Repairing Your Foundation: Possible Solutions

As you’ve likely already gathered, it’s difficult to suggest an objective cap for your foundation repair budget. The size of your house, the weather, and the amount of time the problem in your foundation has had to grow will all change the amount you’ll need to pay for a foundation repair contractor’s services.

That said, most contractors will recommend one of the following services after completing an inspection:

  • Crack injection
  • Piering
  • Slab Jacking
  • Preventative Exterior Waterproofing
  • Preventative Interior Waterproofing
  • Gutter Cleaning

Don’t hesitate to talk to your contractor about the processes you can delay or modify if you’re trying to save money.

Should You DIY Your Foundation Repair Job?

With all of that information at hand, you may be thinking: is it really worth it to have a professional foundation repair contractor come into your home? There’s no disguising it: foundation repair is expensive. The myths surrounding the practice emphasize this, after all, and drive many homeowners to delay repairs until it’s too late.

You may, of course, consider tackling your foundation’s problems on your own time. DIY is on the rise, after all, and the materials you need to repair your foundation can be found at your local repair shop more often than not. If it’s going to be more cost-effective and timely to repair your foundation on your own, why shouldn’t you?

There are lots of reasons you should leave this practice to the professionals, as a matter of fact. Unless you have the licenses, certificates, and zoning permits to waterproof and repair your foundation, you risk making the problem you’re dealing with worse by trying to solve it on your own. Not only that, but you could face legal consequences if you try to engage in long-term foundation repair without the proper documentation.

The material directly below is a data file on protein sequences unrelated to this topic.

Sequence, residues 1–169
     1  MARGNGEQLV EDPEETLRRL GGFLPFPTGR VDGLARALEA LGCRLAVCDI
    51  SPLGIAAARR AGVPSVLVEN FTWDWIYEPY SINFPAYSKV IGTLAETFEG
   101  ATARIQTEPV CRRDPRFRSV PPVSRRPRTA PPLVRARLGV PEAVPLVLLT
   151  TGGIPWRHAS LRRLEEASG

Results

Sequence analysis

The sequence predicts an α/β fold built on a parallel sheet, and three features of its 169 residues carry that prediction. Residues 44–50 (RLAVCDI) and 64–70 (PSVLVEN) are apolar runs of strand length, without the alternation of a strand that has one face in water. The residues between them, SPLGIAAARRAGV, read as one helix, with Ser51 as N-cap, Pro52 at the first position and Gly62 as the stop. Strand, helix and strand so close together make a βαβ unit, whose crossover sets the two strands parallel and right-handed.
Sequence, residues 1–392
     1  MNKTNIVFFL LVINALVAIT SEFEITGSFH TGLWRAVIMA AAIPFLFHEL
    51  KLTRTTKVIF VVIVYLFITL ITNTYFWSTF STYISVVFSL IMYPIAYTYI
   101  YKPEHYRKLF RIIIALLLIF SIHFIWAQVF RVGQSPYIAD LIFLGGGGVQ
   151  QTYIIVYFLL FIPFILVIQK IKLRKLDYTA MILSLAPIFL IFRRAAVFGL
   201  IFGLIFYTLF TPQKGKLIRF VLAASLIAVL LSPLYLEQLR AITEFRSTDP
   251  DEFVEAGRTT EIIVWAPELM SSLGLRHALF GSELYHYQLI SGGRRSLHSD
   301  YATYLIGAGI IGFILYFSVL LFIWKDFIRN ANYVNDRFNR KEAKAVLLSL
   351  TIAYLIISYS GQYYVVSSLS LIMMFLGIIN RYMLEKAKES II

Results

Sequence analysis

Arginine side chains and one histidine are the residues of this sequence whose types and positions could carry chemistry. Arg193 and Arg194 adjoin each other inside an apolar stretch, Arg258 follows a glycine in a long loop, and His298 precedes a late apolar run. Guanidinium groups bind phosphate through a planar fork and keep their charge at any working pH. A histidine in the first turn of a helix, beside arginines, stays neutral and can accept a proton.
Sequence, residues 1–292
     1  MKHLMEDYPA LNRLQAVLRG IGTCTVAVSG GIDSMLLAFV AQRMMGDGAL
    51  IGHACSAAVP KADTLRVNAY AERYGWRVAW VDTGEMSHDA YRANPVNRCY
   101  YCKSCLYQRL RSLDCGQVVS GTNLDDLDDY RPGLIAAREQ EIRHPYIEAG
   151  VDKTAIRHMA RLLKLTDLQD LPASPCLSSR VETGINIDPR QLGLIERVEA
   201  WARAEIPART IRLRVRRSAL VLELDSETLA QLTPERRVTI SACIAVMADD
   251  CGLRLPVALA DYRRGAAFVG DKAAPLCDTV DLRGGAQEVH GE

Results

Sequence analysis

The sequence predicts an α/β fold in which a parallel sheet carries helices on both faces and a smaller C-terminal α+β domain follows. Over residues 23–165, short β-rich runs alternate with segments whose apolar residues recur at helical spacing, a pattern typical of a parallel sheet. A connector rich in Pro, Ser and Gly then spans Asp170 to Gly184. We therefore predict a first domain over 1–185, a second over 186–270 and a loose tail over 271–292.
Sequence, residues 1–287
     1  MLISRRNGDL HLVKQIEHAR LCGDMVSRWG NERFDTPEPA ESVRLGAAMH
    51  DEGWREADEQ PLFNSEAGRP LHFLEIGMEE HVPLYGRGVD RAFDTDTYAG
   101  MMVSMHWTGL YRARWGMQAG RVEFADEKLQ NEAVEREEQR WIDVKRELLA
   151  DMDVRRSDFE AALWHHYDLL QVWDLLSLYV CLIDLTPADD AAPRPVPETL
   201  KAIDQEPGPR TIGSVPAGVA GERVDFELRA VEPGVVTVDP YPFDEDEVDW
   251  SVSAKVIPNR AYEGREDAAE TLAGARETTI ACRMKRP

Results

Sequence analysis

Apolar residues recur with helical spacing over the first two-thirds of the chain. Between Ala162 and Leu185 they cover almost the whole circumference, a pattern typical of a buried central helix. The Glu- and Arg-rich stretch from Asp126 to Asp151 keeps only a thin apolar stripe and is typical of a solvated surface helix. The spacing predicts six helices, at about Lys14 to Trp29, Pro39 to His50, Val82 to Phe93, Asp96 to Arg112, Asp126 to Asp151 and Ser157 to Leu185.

Preparing in Advance

That said, it makes sense that you’d want to save as much money as you could on a foundation repair job. If you’re looking to mitigate your repair costs, it’s best to waterproof your home and foundation as soon as you first move in. While it is more difficult to waterproof pre-existing homes than it is to waterproof new ones, you still have a full catalog of waterproofing solutions available to you.

If you’re not interested in waterproofing your home and instead want to rely on your repair budget, you can. Should you ever need to have your foundation repaired, it’ll be best if you reach out to multiple contractors working in the Grand Junction, CO, area to see what the average cost of your job is. With this information at hand, you can better negotiate a final price with the contractor you choose to work with.

If a contractor has to keep your home from sinking, you may be able to work with your insurance provider to have some of the reconstruction cost covered. You’ll want to check your policy and make sure the contractor you want to work with can accept this form of payment before you agree to a collaboration, of course. Knowing that the option is on the table, though, can take away some of the extra stress you might be feeling.

In short: there’s no reason to let a crack or leak in your foundation get away from you. Reach out to a Grand Junction, CO, foundation repair contractor as soon as you suspect something’s wrong with your foundation. The faster you act, the more money you’ll save.

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2575 U.S. 6 & 50, Unit A
Grand Junction, CO 81501